With temperature ranges from 65 to 88 degrees, Maui has a perfect climate for outdoor activities including tennis, pickle ball, volleyball and golf throughout the year.  Golfers have 14 courses to choose from, located in Central Maui, Upcountry, and on the North, South and West facing shores.  Each have varying degrees of difficulty and incredible views from The West Maui Mountains to panoramic ocean views.  The Plantation Course in Kapalua hosts the PGA tour during the winter season in early January. The Wailea Golf Club has 3 beautiful courses: Gold, Emerald and Blue courses located in the Wailea Resort, with memorable views.   There are both private and public tennis court options to choose from the South Shore to the West Side.   As pickleball grows in popularity, so do court locations on Maui: from Kihei and Wailea, to Upcountry and Lahaina.  

Brad & Tyler: MacArthur Team Maui pickleball team plays doubles at Wailea Ekahi

World-class Hiking – Catch a jaw-dropping sunrise at Haleakala National Park

Maui is celebrated as one of the most beautiful locations in the world to hike.  Haleakala National Park has over 30 miles of hiking trails with a range of unique landscapes from Alpine Desert Hikes for the seasoned hiker, to the Pipiwai Trail in Kipahula district with it’s striking bamboo groves.  Being aware of the 30 to 65 degree temperature ranges in Haleakala Crater, high-elevation preparations are necessary to see these incredible views.  Camping and cabin options are available, weather permitting, with reservations made in advance.  Watching the sunrise above the clouds from Haleakala is truly spectacular. There are so many easy day hiking options from Hana oceanside trials to South Maui’s Makena and forest hikes Upcountry, each rich with natural beauty and the unique floral and fauna of Hawaii.   Inland waterfall hikes on the North Shore and Haiku areas are amazing, and some have pools to enjoy a swim.  There are so many hiking options on Maui, and the Sierra Club schedules group hikes often along historic trails throughout the year.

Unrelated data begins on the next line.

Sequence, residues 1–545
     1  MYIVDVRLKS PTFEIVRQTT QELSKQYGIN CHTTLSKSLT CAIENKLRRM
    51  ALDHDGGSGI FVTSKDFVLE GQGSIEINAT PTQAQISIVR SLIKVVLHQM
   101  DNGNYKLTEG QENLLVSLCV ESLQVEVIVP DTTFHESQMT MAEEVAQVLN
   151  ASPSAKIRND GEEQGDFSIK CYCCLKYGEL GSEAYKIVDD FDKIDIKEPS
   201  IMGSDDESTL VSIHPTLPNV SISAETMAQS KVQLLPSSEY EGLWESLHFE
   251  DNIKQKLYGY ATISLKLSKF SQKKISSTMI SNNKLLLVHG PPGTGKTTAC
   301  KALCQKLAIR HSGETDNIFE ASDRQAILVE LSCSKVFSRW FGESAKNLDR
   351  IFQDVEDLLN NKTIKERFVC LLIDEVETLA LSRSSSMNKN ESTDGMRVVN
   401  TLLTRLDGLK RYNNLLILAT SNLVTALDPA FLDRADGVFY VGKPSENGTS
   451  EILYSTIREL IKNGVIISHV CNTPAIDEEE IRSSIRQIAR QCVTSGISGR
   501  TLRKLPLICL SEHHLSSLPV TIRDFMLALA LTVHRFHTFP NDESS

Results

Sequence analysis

Best Beach Walks Ever….Yes, the water really is turquoise blue on sunny days!

Maui is famous for extraordinary colorful sunrises and sunsets that fill the sky with saturated colors that beach walkers enjoy ‘year round.  Once the sun rises, beach walkers can see the outer islands of Molokini, Lanai and even The Big Island.  Clear blue skies reflect the shades of turquoise to deep blue ocean waters Maui is known for.  Getting your daily steps in is easy walking these pristine beaches surrounded by fresh ocean air. Gorgeous long soft sandy beaches from Makena and Keawakapu on the South Shores to Kaanapali beach on the West facing shore are just one of the reasons we say “Maui No Ka Oi.” (Maui is the best!)

“If you’d like to learn more about exploring Maui, please give us a call anytime. We’re ‘Kama’aiana’, born and raised here, and happy to ‘talk story’ and share more about Maui’s active lifestyles!” – Brad & Tyler